On Procrastinating

I’m really glad I didn’t email Cedric my “Sea’s Claim in Modern” article on Sunday morning.

On Drawing into Top 8

While my situation was easy – approximately half of my opponents were playing for Top 8 over the last two rounds, giving me incredible tiebreakers – things
got more complex farther down the standings. My roommate Forrest was the seventh seed (58.05%) while my Round 2 opponent Chris was the eighth seed
(57.76%). They were the last of the players on 18 points, leaving a 16-pointer named Jaime behind them on 56.63%.

This is a tough spot to be in – Forrest and Chris can draw, and they’re both favorites to make Top 8 if they do so. They’ll each be adding a 6-1-1 player
to their own tiebreakers, while the one player trying to crush them has to both win his match and also overcome a deficit of almost 1.5% while adding a 5-3
player to his own tiebreakers. If you assume the outcome of any given match is roughly 50%, you can say that drawing locks them for Top 8 half the time
(every time Jaime loses) and that they’ll still Top 8 a significant percentage of the time that Jaime wins his match – probably more than half that time.
You can give or take, but rough estimate is that they’re 75% favorites to both Top 8 with a draw and that one of them will always Top 8 – the math favors
Forrest very slightly, but that’s like saying your really old quarter flips a little funny.

Their other option, of course, is to play. If they play, one of them will still be guaranteed to make Top 8 – it’ll just be the match instead of favorable
math that decides which player that is. The losing player will be eliminated whether Jaime wins or loses, as there are some unbeatable tiebreakers among
those 5-2s. If either Forrest or Chris think they’re going to beat the other over 70% of the time, choosing to play is a fine option… but that’s a bold
claim, Cotton.

I explained my view on the math to Chris and Forrest while we waited for official pairings, and told them they should do whatever felt right to them but
that I’ll almost always draw in that spot with a PTQ Top 8 on the line because all I’m trying to do is get to the draft alive. It’s a tough spot for Chris,
and I told him to take my advice with all due grains of salt – Forrest would have a slight edge on Chris if it came down to a tiebreaker race against
Jaime, meaning Chris is slightly more likely to wind up screwed than Forrest.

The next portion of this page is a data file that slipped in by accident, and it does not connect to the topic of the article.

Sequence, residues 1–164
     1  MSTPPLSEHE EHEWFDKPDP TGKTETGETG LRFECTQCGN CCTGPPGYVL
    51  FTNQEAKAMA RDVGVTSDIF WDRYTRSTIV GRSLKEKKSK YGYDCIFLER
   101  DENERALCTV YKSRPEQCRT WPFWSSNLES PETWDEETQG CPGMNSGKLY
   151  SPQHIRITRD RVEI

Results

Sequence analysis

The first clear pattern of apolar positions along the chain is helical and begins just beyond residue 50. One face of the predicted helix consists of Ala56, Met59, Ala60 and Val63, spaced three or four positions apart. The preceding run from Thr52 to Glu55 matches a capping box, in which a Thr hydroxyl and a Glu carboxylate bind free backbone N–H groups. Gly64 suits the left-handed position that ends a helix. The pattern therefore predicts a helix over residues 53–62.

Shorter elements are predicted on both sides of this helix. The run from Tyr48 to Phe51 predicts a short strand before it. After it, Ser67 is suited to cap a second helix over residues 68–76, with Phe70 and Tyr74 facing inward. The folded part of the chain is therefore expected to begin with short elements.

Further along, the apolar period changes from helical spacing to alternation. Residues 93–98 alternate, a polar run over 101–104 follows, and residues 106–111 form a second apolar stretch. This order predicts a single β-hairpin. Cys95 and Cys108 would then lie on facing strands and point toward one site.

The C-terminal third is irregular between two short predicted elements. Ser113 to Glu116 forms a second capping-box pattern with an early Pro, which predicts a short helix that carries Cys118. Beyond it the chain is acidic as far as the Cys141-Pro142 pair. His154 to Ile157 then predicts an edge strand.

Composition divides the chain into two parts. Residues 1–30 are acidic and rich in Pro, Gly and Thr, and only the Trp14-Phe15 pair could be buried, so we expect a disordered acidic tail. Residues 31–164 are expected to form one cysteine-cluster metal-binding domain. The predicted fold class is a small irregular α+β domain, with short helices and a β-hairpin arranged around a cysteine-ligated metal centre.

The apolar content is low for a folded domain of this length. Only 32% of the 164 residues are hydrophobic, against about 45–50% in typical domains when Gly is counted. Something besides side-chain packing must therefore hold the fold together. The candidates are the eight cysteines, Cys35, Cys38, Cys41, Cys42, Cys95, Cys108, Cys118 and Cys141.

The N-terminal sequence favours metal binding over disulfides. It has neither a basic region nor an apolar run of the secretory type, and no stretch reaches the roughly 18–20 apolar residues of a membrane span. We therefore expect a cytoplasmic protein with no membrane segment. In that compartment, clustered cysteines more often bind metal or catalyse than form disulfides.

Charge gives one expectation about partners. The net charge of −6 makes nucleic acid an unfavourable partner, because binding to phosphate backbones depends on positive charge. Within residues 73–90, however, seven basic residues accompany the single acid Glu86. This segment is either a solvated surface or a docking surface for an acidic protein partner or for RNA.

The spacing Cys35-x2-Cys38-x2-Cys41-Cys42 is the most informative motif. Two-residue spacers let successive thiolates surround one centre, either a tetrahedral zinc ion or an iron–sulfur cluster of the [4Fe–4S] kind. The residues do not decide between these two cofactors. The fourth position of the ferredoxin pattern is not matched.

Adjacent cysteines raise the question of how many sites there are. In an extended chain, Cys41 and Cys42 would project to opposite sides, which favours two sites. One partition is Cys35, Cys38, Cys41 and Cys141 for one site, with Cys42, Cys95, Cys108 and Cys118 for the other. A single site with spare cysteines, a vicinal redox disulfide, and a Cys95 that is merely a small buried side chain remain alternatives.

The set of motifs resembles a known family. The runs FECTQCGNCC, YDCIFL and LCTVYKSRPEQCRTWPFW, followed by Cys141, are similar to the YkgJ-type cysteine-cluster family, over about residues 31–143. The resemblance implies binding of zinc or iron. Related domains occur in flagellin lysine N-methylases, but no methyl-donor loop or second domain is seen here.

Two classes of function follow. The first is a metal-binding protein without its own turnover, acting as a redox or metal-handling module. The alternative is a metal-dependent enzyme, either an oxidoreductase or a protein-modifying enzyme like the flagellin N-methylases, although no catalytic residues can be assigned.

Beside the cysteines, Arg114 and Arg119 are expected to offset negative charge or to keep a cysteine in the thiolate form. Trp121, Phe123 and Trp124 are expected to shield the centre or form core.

They agreed to draw, and we all went to Chipotle. I loaded up on caffeine now that we’d hit the home stretch and, as usual, proffered the cost of our meals
to Forrest on a coin flip. He won the flip to eat for free, and I pointed out this was a real crappy spot to use up the last of his run-good.

When we got back to the store, he’d been jumped on tiebreakers by both Jaime and Chris, leaving him in ninth place and outside of the Top 8 by


On Drafting

I started the draft with Doomwake Giant over some interesting but not fantastic cards, assuming Strength from the Fallen would wheel if I saw a Nyx Weaver
or something along those lines but really just hoping to snag Pharika’s Chosen ninth. I was passed foil Heroes’ Bane, Hubris, and Mogis’s Warhound with the
rare missing, and took the Warhound without much deliberation. The Bane is a fine man, but he’s really just a giant monster in a color filled with them.
The Warhound was an enchantment for my Doomwake Giant and offered up a color combination I (weirdly) enjoy drafting, B/R. I know how to draft red decks in
the format and felt like my area of the table might favor green as both players to my left and right had played green in the Swiss rounds.

Also, I had the third seed and wanted to make the most of it – Mogis’s Warhound is a real bruiser on the play.

I mostly stayed in red after taking a Sigiled Starfish, jumping on a Satyr Hoplite and Flamespeaker’s Will but getting preoccupied by a late Oreskos
Swiftclaw that I eventually passed. Most of the black cards I’d hoped to wheel didn’t – Chosen, Bloodcrazed Hoplite, and Grim Guardian all disappeared,
although I did wheel one of the two Nyx Infusions. The red was piping in strong, with Starfall and Flurry of Horns coming very late. I got both of the
Strength from the Fallens that were opened, but I assumed it was more that the people to my right didn’t think the card was any good as opposed to green
being open.

Pack 2 solidified me in black, as I got a Necrobite after taking Bolt of Keranos and picked up some more red creatures. This time, almost every black card
wheeled, and while they weren’t all-stars, they were playables. The cherry on top was a literal 14th-pick Ragemonger, which I considered a good omen. While
nothing exciting, 2/3s for three are perfectly reasonable men and I wanted to guarantee I got out of here with warm bodies.

Things got strange in Pack 3, but in a very profitable way. Starting with Coordinated Assault, I followed with Flamespeaker Adept before getting passed not
one but two Hammer of Purphoros in successive packs. I did my due diligence, going wide-eyed, tanking, and chuckling to myself about the absurdity of the
world we live in as I windmill-slammed them into my deck, adding a Lightning Strike to the crowd shortly after. From there I grabbed some mediocre
creatures and strangely wheeled Pharika’s Cure, though neither Mogis’s Marauder nor Disciple of Phenax came around.

My creature base wasn’t the greatest, but I had strong spells and an aggressive game plan.

1 Tormented Hero

1 Necrobite

1 Reckless Reveler

1 Flamespeaker Adept

1 Fleshmad Steed

1 Flamespeaker’s Will

1 Sigiled Skink

1 Pensive Minotaur

1 Fearsome Temper

1 Returned Centaur

1 Ragemonger

1 Flurry of Horns

1 Mogis’s Warhound

1 Forsaken Drifters

10 Mountain

1 Coordinated Assault

1 Lightning Strike

1 Swamp

1 Satyr Hoplite

7 Swamp

1 Rise to the Challenge

1 Kragma Butcher